Redwing (Turdus iliacus)

Also known as: red-winged thrush
KingdomAnimalia
PhylumChordata
ClassAves
OrderPasseriformes
FamilyTurdidae
GenusTurdus (1)
SizeLength: 20 - 24 cm (2)
Weight46 - 80 g (2)

The redwing is classified as Least Concern (LC) on the IUCN Red List (1).

The redwing (Turdus iliacus) is a relatively small thrush species, readily identified by the reddish-brown flanks and underwings for which it is named (2) (3) (4). The upperparts of the body are greyish-brown, with a long, conspicuous, creamy-white stripe above the eye, while the underparts are buffy-white, with blackish streaks radiating from the throat (2) (3). The beak is dark, with a yellowish base, and the legs are pinkish-brown (2).

The male and female redwing are similar in appearance, while the juvenile resembles the adult, but is streaked with buff above and is more heavily spotted below, with less reddish colouration (2). The redwing is divided into two subspecies, Turdus iliacus iliacus and Turdus iliacus coburni, the latter being browner above and having darker spotting below (2).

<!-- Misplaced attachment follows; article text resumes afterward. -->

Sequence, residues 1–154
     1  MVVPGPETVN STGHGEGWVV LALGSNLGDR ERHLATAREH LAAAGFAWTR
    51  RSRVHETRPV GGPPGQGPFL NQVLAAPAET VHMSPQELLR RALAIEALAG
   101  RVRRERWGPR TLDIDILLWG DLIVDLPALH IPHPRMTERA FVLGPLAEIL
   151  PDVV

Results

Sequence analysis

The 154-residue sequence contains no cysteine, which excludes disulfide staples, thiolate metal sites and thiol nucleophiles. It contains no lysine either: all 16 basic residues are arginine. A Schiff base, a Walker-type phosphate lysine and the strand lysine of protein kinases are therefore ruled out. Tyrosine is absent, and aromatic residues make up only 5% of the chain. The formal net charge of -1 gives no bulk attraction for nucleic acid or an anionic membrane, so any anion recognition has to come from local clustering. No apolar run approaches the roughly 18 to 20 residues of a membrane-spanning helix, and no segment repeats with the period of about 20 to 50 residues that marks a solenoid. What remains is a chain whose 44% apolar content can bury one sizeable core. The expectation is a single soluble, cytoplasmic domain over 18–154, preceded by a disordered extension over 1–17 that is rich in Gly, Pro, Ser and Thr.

The song of the redwing, usually given by the male from a high, prominent perch, consists of rather simple, repeated phrases of fluty notes, ending in a softer, twittering chatter. This song often varies between different locations, and during winter and on migration the redwing may also give a low, twittering chorus. The calls of this species include a distinctive, high ‘see-ip’, ‘seeze’ or ‘dssssi’, which is often heard at night when the birds are migrating. Redwings also use a harsh ‘chittick’ when feeding or roosting, as well as various other rattling and chuckling calls (2) (3).